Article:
As stark 100,000 deaths landmark looms, Trump pursues his political obsessions

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Sometime in the next few days, the 100,000th American will succumb to Covid-19 in a pandemic that President Donald Trump once predicted would just “miraculously” disappear.

Yet despite, and perhaps because of, his earlier cavalier attitude, Trump spent the long holiday weekend bemoaning everything but the tragic roll call of death — while also finding time to claim he got “great reviews” for handling the crisis.

In his most politically significant maneuver, he heaped intense pressure on North Carolina’s Democratic governor to allow a traditional, crowded Republican National Convention, despite fears such a mass gathering could seed virus hot spots. Trump warned he could pull the large money-earner out of Charlotte, which was picked to play host in August.

The move came because the President intensified his push for a full reopening of the country and tv footage showed packed beaches and boardwalks in some states as Memorial Day crowds fueled fears that social distancing could also be breaking down.

On social media, he waged a weekend of Twitter wars against his critics, targeting a favorite foil, Barack Obama, after Trump’s return to the golf links — his 266th such trip in office — sparked involves him to concentrate more fully on the pandemic.

And he indulged his preoccupations on his tax returns, Hillary Clinton, Fox News, slanders against MSNBC host Joe Scarborough, the Russia investigation, Joe Biden’s psychological state, former Attorney General Jeff Sessions, mail-in voting in November and highlighted dangerous and unproven Covid-19 therapies promoted on conservative media he has tested himself.

In between Twitter eruptions, a mask-free Trump solemnly presided over Memorial Day ceremonies at Arlington Cemetery, and tweeted a campaign-style video of himself leading observances.”For as long as our flag flies within the sky above, the names of those fallen warriors are going to be woven into its threads,” he said during a moving speech at Fort McHenry.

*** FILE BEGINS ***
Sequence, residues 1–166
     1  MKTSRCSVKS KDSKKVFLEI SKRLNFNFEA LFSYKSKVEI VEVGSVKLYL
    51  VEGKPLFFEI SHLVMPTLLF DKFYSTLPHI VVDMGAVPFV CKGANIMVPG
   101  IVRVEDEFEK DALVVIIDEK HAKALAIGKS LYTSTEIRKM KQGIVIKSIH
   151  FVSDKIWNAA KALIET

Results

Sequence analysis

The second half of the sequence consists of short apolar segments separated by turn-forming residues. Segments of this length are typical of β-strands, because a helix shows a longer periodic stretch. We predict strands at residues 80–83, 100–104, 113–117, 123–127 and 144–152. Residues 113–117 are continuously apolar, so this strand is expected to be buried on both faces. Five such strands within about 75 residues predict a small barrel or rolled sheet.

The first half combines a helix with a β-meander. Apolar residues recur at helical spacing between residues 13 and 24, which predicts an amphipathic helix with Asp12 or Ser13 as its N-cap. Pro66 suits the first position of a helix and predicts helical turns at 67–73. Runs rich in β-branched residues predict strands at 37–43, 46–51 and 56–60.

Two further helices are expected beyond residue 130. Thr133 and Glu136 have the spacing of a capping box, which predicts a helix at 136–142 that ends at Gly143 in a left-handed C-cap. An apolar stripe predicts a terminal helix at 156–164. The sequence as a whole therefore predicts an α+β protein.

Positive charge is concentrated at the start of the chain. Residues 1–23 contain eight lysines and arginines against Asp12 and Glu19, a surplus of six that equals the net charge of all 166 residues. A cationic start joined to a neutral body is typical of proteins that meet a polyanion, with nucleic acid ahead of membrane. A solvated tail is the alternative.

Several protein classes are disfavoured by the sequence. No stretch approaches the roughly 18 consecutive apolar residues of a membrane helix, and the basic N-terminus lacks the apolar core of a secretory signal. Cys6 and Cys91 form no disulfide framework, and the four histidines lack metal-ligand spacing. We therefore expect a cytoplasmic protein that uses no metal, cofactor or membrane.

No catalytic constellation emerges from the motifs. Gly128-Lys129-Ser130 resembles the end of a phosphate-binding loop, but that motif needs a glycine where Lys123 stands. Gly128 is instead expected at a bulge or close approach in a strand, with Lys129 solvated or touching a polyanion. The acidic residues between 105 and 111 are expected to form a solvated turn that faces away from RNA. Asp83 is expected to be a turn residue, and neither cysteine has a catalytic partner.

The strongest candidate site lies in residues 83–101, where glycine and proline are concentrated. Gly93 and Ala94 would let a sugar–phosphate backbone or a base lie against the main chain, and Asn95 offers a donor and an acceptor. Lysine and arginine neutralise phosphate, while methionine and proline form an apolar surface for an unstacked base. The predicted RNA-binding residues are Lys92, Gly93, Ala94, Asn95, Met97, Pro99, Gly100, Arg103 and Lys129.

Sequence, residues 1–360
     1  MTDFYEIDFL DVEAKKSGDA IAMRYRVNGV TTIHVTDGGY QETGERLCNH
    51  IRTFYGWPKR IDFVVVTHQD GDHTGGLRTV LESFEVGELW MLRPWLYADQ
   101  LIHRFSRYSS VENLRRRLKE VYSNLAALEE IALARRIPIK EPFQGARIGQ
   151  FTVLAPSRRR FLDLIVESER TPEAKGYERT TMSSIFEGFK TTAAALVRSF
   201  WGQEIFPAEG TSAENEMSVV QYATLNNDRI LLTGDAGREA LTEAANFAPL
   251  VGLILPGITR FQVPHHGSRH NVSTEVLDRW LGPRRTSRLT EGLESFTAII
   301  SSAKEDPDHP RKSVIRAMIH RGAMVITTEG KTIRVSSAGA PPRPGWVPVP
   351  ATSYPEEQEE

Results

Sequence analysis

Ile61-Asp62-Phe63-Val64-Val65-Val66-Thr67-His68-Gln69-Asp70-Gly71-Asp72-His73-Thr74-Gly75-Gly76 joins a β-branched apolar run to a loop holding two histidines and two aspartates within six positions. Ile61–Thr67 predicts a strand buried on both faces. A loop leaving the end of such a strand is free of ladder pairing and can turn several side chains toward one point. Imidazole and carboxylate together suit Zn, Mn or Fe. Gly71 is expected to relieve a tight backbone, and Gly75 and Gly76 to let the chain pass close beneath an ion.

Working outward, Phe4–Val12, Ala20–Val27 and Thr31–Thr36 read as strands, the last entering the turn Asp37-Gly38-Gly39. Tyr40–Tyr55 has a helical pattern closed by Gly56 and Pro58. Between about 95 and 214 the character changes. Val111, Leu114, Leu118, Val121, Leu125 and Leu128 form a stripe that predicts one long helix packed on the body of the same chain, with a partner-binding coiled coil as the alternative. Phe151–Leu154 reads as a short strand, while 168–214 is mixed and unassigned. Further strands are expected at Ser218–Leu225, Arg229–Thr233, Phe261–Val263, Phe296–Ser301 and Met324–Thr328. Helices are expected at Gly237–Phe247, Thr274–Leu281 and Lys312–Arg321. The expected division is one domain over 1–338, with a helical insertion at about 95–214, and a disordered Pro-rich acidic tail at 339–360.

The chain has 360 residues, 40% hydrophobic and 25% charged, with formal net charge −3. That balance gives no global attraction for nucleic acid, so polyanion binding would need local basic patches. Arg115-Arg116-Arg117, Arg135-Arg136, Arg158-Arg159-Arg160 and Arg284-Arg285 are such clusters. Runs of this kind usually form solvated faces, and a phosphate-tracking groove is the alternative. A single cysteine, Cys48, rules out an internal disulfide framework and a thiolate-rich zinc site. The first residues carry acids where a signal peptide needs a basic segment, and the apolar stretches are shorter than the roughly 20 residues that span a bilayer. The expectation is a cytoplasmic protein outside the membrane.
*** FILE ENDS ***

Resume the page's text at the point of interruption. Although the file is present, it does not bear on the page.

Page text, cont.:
“For as long as we’ve citizens willing to follow their example, to hold on their burden, to continue their legacy, then America’s cause will never fail and American freedom will never, ever die.”

Yet the scripted solemnity and unifying patriotism only made Trump’s explosion of fury on Twitter seem even more surreal and underlined how he finds it impossible to avoid thrusting himself into the social media feeds of USA citizens even for a weekend. Indeed, Trump returned to criticizing North Carolina Democratic Gov. Roy Cooper shortly after returning to the White House Monday afternoon.

A surreal glimpse into a President’s mind
After three years of Trump deliberately trampling the traditional codes of presidential behavior — partly to point out supporters he remains an anti-elite outsider, none of this is often surprising. But that does not mean it is not jarring, because the most wrenching moment thus far approaches within the nation’s battle against an epidemic that while ebbing in terms of total deaths is trending up in 18 states, is steady in 22 and easing in 10 more.

More than 98,000 people within the US have now died from the coronavirus and quite 1.6 million are infected. quite 30 million Americans have lost their jobs and therefore the percentage is approaching Great Depression levels.

In 50 years, Trump’s weekend Twitter blasts may encounter as a startling document of a presidency rooted quite ever in personal obsessions, and constant wars with the media and his increasing throngs of political enemies.

There was little evidence of a deeper aiming to his presidency at this stage than personal and political grievances. Also missing may be a more sweeping policy framework for a possible second Trump term. And aside from a relentless push to support an aggressive opening of the country, as an example during a new demand for schools to open, Trump seems far less curious about how the task are often accomplished safely — aside from retweeting CDC hand washing advice — than his boiling political feuds.

No White House could are fully prepared for the disaster and subsequent economic hollowing of this year’s pandemic. But it is also hard to imagine a previous recent president from either party fighting it with an equivalent campaign of denial, distraction, and misinformation.

As an example, the foremost substantive administration action of the weekend was a report back to Congress on the state of the pandemic — which turned over responsibility for testing and tracing operation that experts say is critical to the states. The report did however include a pledge from the Federal Emergency Management Agency to send 12.9 million swabs utilized in coronavirus testing to states in June.



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